This blog has no agenda. This blog has no theme. Much like my life and my thoughts. If we did the same thing every day with the same mentality, there would be no growth. And I find that growth often stems from the most uncomfortable or painful situations. Not saying Panama was either of those adjectives, but it definitely was a place where I was not comfortable and felt more like I was being tolerated rather than accepted.

That’s not a feeling I ever wish to feel again, which is why my removal from certain situations has been warranted, accepted and even appreciated as it now gives me time to focus on myself and my own future rather than someone else’s.

More to come soon.



Dating on the Road

Caution: Parents and family members of mine are advised to stop reading here.

Seriously, Mom and Dad – do us both a favor, let’s not make holidays awkward – don’t read this one. (If you choose to keep reading, pretend you didn’t).

When I took this job and was told I would be living in an RV full-time with my only source of consistent human interaction being my boss, my first thought was, “How am I going to meet guys on the road?”

You know what I really mean though. It’s like air; it’s not important unless you aren’t getting any.

Simply put, it hasn’t happened. Nor do I see it happening in the near future.

Establishing, and maintaining, any sort of relationship on the road, let alone a brand new one, is not easy. Sure, I could go on dates but it would go a little something like this.

Hypothesis: I can totally meet someone on the road. It might be through a crappy dating website like Bumble or Tinder but I can do it.

Introduction – Hello, my name is Jamie. I travel cross-country living in an RV full-time with my male boss who is eight years older than me. But we’re not dating or hooking up. I probably won’t end up hanging out with you and I definitely won’t date you, but tell me I’m pretty and that you like animals and maybe we can figure something out.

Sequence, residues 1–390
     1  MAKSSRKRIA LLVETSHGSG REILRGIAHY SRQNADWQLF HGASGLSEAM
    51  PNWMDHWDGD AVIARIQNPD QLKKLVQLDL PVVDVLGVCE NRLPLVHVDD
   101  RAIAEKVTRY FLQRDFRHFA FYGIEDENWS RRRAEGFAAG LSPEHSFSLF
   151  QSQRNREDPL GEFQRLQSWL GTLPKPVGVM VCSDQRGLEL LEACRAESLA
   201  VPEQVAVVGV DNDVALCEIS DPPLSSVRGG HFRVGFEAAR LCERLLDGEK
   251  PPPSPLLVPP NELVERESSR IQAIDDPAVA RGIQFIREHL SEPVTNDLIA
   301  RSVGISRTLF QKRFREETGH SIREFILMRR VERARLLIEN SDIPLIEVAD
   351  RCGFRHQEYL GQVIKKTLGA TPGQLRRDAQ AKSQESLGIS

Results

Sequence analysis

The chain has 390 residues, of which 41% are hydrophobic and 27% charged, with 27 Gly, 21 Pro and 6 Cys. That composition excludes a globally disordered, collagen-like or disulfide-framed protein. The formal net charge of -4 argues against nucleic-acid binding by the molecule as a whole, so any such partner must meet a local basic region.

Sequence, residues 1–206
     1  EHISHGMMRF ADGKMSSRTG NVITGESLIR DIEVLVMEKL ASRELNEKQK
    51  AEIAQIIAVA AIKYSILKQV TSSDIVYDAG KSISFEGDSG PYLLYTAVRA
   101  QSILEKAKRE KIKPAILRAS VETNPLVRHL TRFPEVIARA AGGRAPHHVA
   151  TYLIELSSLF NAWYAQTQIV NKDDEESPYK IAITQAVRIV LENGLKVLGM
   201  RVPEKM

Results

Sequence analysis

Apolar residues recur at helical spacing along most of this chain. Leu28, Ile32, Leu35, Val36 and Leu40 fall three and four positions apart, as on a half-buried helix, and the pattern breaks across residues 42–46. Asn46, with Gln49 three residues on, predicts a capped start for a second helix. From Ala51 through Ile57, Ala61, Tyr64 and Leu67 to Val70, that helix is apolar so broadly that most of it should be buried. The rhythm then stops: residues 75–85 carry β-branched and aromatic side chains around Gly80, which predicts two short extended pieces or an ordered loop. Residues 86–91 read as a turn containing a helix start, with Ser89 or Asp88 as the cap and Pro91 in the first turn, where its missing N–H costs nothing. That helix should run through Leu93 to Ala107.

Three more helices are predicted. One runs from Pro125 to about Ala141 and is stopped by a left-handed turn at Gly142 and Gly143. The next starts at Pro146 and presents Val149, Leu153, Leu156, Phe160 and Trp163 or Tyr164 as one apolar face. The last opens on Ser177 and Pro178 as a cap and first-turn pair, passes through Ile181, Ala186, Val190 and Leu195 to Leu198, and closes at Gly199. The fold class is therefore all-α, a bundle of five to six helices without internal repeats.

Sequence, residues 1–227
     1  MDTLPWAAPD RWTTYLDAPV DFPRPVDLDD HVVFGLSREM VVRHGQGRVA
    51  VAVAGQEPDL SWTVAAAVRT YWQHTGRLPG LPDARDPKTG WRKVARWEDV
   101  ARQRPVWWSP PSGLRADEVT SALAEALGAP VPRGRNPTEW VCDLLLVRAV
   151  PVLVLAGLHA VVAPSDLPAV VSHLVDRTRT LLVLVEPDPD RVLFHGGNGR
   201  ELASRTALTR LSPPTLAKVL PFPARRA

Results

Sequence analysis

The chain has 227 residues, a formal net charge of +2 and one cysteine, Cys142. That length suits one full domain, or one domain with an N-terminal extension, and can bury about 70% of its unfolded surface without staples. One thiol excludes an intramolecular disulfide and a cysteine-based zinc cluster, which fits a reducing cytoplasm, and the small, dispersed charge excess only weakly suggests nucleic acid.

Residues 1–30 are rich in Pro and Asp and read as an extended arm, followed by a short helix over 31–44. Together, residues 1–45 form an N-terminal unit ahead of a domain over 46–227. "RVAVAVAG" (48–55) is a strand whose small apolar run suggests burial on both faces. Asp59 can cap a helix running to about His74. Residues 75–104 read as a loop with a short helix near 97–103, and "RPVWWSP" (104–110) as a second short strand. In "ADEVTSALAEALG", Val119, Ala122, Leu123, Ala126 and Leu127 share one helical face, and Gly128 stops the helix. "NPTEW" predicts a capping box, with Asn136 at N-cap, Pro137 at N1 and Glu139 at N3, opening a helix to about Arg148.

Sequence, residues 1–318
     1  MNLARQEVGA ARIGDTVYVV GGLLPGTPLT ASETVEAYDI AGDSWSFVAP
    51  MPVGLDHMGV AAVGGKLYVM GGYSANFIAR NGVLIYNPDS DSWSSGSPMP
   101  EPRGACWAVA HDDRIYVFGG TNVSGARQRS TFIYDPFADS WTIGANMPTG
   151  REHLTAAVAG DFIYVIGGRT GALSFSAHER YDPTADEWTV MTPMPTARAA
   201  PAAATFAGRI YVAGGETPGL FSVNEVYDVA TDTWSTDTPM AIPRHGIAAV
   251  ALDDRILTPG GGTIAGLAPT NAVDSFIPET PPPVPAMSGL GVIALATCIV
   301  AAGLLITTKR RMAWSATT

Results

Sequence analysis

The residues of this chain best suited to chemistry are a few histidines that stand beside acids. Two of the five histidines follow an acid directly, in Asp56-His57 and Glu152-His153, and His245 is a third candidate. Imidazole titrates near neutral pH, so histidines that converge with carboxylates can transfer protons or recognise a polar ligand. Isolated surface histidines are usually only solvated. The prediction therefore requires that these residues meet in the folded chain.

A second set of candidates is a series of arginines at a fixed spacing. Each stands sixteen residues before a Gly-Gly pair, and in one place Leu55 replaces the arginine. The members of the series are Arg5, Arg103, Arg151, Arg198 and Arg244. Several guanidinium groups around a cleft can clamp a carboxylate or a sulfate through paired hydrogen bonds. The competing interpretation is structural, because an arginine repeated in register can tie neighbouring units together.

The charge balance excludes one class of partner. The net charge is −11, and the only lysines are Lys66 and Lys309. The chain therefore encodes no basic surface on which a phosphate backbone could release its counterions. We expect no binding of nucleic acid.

We agree to go on a “date.” Date used as a loose term because to me, it’s really just a waste of my time but I’ll humor you, stranger.

Tell me everything I need to know about you to convince me to go home with you.

If I don’t feel uncomfortable or creeped out, pretend we’ve known each other for more than 35 minutes so I don’t feel as bad about my future decisions.

Contemplate scenario of being raped or murdered. Yeah, I used the R word. It’s a pretty common thought every time women leave their homes and more so when they date. Poor men though, being thought of as potential rapists. How sad. Don’t get too close, my thoughts might ruin your reputation.

Conclusion: go home with said stranger that could rape/murder me (unlikely scenario) or go home to my bed (likely scenario).

Parents, if you have read this far, don’t worry – said scenario has not happened because realistically, I don’t have time to date. Why? Because what are the odds that I am going to take three hours out of my day to meet someone that I probably have no future with when I could be doing something productive? Slim to none. We’ll go with none.

Now, on top of all of the awkward swiping though dating apps and settling on someone that you could possible see yourself making out with, I have to ask Rob to borrow the truck. Tell him that I have a “date” and scramble around the trailer getting ready.